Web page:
Success ballast could be introduced in the LMP1 class of the World Endurance Championship next season.
WEC promoter the Automobile Club de l'Ouest, which jointly writes the rules for the series with the FIA, has released a Q&A with its technical director, Thierry Bouvet, about the Equivalence of Technology between hybrid and non-hybrid machinery in which he reveals that success ballast is under discussion for the 2019/20 season.
"We would have liked closer races between the hybrid and non-hybrid cars," he said of the 2018/19 WEC superseason.
"We are already working on a slightly different system for next season which could also take race results into consideration.
"We are continuing to work and have suggested a success ballast system, which seems to be a good solution."
Bouvet suggested that such a system was necessary because the rulemakers have come up against the "maximum physical limits of non-hybrid cars" in their efforts to balance the privateer P1s with the Toyota TS050 HYBRIDs.
"Engine power couldn't be increase any more, nor car mass reduced," he explained.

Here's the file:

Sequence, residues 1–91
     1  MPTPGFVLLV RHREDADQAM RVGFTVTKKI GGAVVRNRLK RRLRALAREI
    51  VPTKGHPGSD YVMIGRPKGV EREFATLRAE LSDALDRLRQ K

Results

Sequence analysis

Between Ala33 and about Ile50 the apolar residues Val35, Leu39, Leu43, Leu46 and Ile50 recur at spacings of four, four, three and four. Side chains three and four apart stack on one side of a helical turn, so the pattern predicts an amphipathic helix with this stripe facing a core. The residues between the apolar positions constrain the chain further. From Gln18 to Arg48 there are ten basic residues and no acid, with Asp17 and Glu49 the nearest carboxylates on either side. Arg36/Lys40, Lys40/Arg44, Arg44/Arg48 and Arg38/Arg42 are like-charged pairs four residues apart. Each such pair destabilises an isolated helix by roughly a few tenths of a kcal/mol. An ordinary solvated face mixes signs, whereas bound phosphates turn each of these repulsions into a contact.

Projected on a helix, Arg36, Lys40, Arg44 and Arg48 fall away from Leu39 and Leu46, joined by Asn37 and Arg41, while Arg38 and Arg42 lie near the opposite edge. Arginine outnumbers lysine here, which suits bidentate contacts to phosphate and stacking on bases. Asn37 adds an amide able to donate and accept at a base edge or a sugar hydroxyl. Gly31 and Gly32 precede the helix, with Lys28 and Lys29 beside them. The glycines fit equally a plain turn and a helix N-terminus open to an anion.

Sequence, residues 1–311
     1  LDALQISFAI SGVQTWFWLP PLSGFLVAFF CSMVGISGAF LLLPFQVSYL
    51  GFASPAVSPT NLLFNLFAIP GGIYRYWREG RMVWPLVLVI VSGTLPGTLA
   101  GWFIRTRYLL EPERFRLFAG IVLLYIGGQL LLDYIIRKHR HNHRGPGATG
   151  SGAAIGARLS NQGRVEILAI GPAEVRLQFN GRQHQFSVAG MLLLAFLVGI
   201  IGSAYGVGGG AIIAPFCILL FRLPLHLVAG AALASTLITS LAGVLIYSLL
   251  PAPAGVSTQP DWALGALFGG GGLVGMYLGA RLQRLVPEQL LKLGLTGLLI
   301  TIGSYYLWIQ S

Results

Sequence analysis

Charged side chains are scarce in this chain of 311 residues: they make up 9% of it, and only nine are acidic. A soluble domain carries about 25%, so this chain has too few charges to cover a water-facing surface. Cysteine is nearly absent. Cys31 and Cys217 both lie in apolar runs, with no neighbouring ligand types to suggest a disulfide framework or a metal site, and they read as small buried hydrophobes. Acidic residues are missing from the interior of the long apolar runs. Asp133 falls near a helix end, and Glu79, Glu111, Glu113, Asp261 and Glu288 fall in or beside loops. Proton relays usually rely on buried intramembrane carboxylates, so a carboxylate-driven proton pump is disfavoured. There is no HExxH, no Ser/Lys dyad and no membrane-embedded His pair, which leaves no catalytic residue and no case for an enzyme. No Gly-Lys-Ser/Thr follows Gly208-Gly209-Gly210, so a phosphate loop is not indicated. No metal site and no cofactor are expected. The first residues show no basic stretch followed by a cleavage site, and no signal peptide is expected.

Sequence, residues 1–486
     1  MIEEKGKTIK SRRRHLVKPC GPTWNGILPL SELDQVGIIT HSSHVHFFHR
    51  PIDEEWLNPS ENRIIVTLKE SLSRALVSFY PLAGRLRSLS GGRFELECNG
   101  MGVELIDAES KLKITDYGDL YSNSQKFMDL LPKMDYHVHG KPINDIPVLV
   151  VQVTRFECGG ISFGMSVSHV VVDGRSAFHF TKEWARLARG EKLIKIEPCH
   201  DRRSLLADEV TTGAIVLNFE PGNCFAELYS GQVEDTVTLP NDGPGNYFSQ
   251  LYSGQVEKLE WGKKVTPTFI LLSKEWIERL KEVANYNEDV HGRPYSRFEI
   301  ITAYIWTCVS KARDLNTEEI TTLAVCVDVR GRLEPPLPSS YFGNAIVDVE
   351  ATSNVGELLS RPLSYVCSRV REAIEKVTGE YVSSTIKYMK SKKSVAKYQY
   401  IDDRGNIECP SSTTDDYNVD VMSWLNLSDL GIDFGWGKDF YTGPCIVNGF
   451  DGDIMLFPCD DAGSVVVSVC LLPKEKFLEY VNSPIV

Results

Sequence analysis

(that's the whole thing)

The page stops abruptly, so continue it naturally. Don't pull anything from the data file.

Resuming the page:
Success ballast was originally part of the hypercar concept prototype rules published last December and due to come into force for the 2020/21 WEC season.
This was dropped in draft proposals to incorporate road-going hypercars into the category shown to potential entrants in March.
Success ballast was effectively replaced by a system of Balance of Performance, which was deemed necessary to equate the performance of pure-bred prototypes with different kinds of road-based cars.
The original system was a cumulative one whereby cars would have gained 0.5kg for each championship point up to a maximum 50kg.
The plan was that the weight would have been removed for the Le Mans 24 Hours championship finale.
Bouvet said that he was confident that the EoT released for this weekend's Le Mans 24 Hours test day would result in the "cars being very close in terms of lap time".
The Toyotas will be 10kg heavier than at Le Mans last year, but 16kg lighter than the 404kg minimum weight at which they have run since the Fuji WEC round last October.
This reflects the lower level of energy release per kilometre allowed for the hybrids at Le Mans.